Upon review of the record it is clear that there was a danger of serious, foreseeable harm present and therefore, the appellee was justified in disclosing the information in C.S.'s case file. In that regard, there was substantial evidence presented to the ALJ and to the circuit court demonstrating that S.B. could not give adequate attention to another child in her home. S.B. was a single mother, in her fifties, in remission from cancer, with five other children in her home, at least two of whom had special needs. Those conditions alone would not, in and of themselves, warrant such a conclusion; however, at about the same time as the placement hearing was held for H.T., there had been allegations that S.B. was unable to provide sufficient attention to the children already in her home, and that the DHHR's investigation unit was conducting an investigation of those allegations. Some of the allegations, made by a former foster child in S.B.'s home, were that S.B. had left children outside in the rain, refused to allow children to eat when they were hungry, was distracted from caring for the children because she was drinking beer with friends, and had left C.S. in a high chair and in his playpen for extended periods without any contact. (See footnote 6)

            Moreover, we find equally important, the circuit court's November 2, 2007, order, wherein it outlined the following:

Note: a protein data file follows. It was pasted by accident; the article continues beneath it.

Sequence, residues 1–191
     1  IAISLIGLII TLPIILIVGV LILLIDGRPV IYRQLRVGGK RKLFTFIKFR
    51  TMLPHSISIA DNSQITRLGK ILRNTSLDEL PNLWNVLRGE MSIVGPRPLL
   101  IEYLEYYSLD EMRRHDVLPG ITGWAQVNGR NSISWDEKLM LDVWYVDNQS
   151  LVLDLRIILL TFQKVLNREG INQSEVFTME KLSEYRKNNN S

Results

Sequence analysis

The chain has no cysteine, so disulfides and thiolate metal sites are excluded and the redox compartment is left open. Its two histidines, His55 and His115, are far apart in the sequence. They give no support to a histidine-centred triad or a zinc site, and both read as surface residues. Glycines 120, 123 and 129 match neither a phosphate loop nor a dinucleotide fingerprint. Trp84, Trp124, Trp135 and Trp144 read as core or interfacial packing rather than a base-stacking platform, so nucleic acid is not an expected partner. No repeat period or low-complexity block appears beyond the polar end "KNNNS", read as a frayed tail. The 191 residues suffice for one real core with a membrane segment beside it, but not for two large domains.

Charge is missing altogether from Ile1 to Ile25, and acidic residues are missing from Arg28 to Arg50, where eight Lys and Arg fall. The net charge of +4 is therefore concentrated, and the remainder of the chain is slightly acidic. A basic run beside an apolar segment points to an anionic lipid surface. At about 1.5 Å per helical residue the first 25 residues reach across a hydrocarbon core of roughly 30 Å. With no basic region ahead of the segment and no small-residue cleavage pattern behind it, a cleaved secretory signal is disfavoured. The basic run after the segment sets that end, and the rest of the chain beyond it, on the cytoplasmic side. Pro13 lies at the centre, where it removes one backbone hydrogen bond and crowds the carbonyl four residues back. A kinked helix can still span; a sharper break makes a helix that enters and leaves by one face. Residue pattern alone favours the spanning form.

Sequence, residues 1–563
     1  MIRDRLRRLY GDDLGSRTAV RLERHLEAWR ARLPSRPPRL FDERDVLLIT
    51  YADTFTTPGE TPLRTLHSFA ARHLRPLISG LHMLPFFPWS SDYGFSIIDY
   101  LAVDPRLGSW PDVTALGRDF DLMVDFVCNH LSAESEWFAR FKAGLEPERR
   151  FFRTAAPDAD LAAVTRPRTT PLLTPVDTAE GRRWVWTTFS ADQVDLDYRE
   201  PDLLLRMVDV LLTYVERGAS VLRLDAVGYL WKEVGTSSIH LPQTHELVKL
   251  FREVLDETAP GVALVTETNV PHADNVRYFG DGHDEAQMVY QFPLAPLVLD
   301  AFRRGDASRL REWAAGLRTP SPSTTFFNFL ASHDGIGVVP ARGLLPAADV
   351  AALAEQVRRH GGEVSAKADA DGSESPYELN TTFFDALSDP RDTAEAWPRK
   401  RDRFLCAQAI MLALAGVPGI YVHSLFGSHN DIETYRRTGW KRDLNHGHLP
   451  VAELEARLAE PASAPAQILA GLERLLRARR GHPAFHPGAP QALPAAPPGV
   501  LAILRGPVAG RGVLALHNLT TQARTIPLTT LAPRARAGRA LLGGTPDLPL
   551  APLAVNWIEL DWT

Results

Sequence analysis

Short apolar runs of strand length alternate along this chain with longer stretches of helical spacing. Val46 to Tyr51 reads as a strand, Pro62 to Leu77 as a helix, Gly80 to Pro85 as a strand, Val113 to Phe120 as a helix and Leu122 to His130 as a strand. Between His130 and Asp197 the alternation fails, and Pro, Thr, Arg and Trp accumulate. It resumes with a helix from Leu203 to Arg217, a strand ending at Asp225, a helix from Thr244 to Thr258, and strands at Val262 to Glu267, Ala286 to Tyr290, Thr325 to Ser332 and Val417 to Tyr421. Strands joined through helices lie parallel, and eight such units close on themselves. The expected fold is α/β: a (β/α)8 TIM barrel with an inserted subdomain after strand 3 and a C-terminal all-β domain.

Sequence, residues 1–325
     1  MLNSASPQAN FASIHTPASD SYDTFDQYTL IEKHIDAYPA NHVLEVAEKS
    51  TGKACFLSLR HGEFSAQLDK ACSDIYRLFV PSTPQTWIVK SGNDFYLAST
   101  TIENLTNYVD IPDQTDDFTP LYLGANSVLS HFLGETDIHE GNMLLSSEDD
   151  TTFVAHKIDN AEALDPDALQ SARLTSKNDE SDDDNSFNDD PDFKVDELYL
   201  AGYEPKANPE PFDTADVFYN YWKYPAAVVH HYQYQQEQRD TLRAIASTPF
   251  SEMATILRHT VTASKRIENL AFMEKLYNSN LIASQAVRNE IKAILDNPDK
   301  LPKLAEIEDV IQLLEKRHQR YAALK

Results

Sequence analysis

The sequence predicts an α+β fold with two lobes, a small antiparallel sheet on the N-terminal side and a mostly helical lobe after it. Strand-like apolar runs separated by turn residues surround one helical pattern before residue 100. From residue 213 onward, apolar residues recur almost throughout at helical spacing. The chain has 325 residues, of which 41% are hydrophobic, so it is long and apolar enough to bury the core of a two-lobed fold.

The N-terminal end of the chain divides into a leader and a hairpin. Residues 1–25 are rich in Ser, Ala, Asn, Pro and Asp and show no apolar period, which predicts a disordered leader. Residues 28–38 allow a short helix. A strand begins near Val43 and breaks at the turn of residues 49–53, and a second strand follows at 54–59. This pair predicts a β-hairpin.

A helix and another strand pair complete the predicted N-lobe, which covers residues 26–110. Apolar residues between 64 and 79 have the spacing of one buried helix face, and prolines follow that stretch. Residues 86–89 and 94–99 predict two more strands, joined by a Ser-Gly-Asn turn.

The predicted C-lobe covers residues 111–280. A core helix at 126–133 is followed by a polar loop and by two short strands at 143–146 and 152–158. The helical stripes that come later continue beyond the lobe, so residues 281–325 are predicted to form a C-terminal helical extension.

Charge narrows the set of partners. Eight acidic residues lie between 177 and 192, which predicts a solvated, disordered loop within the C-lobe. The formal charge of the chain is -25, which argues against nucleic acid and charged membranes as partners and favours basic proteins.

It is clear from the record that the appellee, as well as other DHHR employees, expressed their strong concerns that even though C.S. was the only pre-school age child in S.B.'s home, that he was not getting adequate attention. Thus, if C.S. were not receiving adequate attention prior to the placement of an additional child in his home, it is reasonable to conclude that adding a sixth child to S.B's home would have necessarily resulted in C.S. receiving even less attention. It is further reasonable to conclude that H.T., who was approximately one year and three months younger than C.S., would not have received adequate attention in a home with six children. The circuit court, following a September 9, 2005, custody hearing, obviously agreed with such a conclusion as it held that placement of H.T. with C.S. “was not in the best interests of either child” and that there was “clear and convincing evidence that . . . justifies separation of these siblings.”